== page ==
"The main goal is to protect the trail surface so there's enough snow to keep it skiable," Wisdom notes. "To accomplish that, we keep trees along the trail to provide shade."

Over the years tree harvesting near the trail has been controversial, Wisdom notes. "Everyone has a different idea of what looks pretty and some didn't want to see any clearing. Others felt there should be some harvesting."

Maintaining the aesthetic buffer along the Birkie trail is the most important part of the timber management plan in that zone, Wisdom explains.

"This calls for using selective harvests to promote long-lived trees to grow there," he says. Guidelines only allowing logging during off-snow times so skiers do not have to encounter logging equipment along the trail.

Private landowners also own small portions of the forest along the Birkie trail and in those cases, the ABF has negotiated permission to cross and groom the trail on this private property.

"It's both a science and an art to manage the area," Wisdom notes. "It's an art because it's hard to keep everyone happy. We've had very few problems along the trail," Wisdom says. "It's beautiful trail and we want to keep it looking that way."

Pete Sievert, the assistant Sawyer County forester, knows first-hand about the trail conditions as a three-time Birkebeiner racer.

Sawyer County is managed in seven forestry blocks. The Birkie trail is located in the Seeley Hills block and is home to diverse soil types, 10 habitat types and a variety of vegetation, Sievert explains. Seeley Hills is noted for red pines, northern hardwoods like oak, aspen and white pine. Its glacial topography is marked by rolling hills.

One of Sievert's greatest challenges is public education to show people how selective timber harvest can benefit the trail.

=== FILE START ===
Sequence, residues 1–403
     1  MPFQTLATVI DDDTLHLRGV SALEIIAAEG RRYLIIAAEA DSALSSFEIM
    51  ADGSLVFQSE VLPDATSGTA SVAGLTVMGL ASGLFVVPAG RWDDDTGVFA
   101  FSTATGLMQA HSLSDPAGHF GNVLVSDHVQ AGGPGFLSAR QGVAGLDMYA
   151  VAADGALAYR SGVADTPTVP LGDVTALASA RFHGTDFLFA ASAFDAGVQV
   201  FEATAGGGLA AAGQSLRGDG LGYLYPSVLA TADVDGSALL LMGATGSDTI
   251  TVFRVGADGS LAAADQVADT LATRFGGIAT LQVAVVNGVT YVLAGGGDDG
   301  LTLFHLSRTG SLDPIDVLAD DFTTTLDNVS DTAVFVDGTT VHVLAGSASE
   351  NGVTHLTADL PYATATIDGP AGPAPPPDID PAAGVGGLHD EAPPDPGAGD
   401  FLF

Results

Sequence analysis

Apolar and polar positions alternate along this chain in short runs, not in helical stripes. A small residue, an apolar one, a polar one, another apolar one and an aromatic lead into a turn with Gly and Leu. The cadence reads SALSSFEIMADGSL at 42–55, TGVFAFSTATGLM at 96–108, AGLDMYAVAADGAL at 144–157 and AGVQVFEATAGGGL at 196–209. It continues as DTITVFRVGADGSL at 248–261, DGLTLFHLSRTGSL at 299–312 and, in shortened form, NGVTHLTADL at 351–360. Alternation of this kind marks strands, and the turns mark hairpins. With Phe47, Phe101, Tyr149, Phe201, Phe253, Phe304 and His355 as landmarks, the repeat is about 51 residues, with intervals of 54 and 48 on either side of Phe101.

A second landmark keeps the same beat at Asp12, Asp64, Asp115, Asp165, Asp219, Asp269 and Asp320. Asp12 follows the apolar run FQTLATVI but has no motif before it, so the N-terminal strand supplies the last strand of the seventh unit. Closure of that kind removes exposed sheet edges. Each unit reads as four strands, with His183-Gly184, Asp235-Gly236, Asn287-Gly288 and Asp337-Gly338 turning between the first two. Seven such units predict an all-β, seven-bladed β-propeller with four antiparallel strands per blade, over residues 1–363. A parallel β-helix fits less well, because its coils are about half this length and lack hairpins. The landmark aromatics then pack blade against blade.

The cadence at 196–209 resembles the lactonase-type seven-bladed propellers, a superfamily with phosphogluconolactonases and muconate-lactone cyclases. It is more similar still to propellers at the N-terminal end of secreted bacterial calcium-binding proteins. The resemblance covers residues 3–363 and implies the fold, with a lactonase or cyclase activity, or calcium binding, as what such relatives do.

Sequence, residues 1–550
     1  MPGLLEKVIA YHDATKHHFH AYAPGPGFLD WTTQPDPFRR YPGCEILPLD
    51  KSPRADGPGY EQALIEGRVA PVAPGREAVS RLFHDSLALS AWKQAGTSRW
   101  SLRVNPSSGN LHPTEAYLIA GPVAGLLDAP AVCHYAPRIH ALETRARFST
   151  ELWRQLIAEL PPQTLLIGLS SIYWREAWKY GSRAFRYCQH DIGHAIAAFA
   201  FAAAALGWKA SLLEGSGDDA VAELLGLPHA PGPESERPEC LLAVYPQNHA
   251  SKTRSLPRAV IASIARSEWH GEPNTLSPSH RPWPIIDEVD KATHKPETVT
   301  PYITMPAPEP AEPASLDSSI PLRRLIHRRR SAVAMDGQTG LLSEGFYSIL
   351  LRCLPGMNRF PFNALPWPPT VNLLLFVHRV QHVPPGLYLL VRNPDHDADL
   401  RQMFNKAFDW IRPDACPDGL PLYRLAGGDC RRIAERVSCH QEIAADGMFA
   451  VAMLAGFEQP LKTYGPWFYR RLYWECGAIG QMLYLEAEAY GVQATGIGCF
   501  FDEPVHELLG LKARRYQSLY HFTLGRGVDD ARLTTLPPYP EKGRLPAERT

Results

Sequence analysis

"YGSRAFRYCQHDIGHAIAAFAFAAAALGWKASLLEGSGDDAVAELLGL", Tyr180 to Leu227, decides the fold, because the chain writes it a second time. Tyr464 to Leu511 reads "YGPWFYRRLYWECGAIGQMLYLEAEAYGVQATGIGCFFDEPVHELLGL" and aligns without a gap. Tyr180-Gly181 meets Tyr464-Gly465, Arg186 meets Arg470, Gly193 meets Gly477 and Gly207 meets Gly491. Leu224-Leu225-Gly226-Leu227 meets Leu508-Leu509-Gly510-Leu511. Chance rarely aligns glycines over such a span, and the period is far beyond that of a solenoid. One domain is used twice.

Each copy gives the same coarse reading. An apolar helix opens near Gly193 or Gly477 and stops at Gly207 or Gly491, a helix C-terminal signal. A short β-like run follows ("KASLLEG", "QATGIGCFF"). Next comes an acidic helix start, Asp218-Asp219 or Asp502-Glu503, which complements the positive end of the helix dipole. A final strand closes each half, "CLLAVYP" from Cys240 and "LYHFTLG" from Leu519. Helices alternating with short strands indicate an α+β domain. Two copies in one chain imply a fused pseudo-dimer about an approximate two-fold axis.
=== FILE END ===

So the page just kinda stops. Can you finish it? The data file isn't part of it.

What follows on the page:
"Some people think the designation Class A Aesthetics Zone means the trail should be surrounded by an untouchable buffer," Sievert notes. "What it means is that aesthetics is the primary concern there."

To keep the trail at its best for skiing, Sievert says four things are needed: mowing, brushing, grooming and some selective harvesting.

One issue has been that falling snow gathers in dense pine trees. Too little of this snow reaches the trail complicating the grooming.

"The greatest impediments to skiing [here] – especially for the classical skiers – are the pine needles and cones on the trail," Sievert suggests. Classic (striding) skiers who hit pine needles with their skis get caught.

Sievert contends that the worst offending trees could be taken out without any detriment to the trail. He says there is plenty of vegetation to prevent erosion while still maintaining longer-lived trees.

"People who use the trail for recreation see it today," Sievert says. "But as a forester I'm looking at it long-term, 10 to 15 years or more down the road."

Before last year's race, the course underwent considerable changes to enhance skiing conditions. To take some pressure off the trail, the Kortelopet (a half-Birkie course that runs at the same time) started at the Cable Union Airport like the Birkie. The Kortelopet course then splits off from the main route at the nine-kilometer mark before continuing on along scenic, hilly trails maintained by Bayfield County and Telemark.

Near the start of the race from the 2.5 to 4.6 kilometer marks that follow a power line corridor, electrical poles were consolidated from two-pole to a one-pole system. That means 13 poles now line the trail instead of the previous 26. Once that construction was completed, the power company along with the American Birkebeiner Ski Foundation repaired and moved the trail closer to the woods to take advantage of the tree line and natural shade that helps to retain deeper snow.

During the months leading up to the race, Trail Supervisor Bob Murdock also removed trees, stumps and brush to create a wider track with more room for skiers that improves the race flow and eliminate bottlenecks. Trail grooming begins in November when a 30-foot-wide swath is set for both classical and freestyle skiing.

"The trail supervisor plays a crucial role for the American Birkebeiner Ski Foundation," explains Cherie Morgan, the Birkebeiner executive director. "We count on that person to remove trees and brush in summer and fall, and to prepare and groom the trail once the snow falls."

The Birkie trail is groomed and maintained year-round by the American Birkebeiner Ski Foundation. It remains open and free of charge to the public, except during Birkie race weekend. Through the Foundation's efforts and the public partnership, this bit of northwestern Wisconsin preserves and maintains one of the most challenging and beautiful trails in the world.

Natasha Kassulke, associate editor of Wisconsin Natural Resources magazine, skied her first Kortelopet last year and plans to tackle the Birkebeiner this February.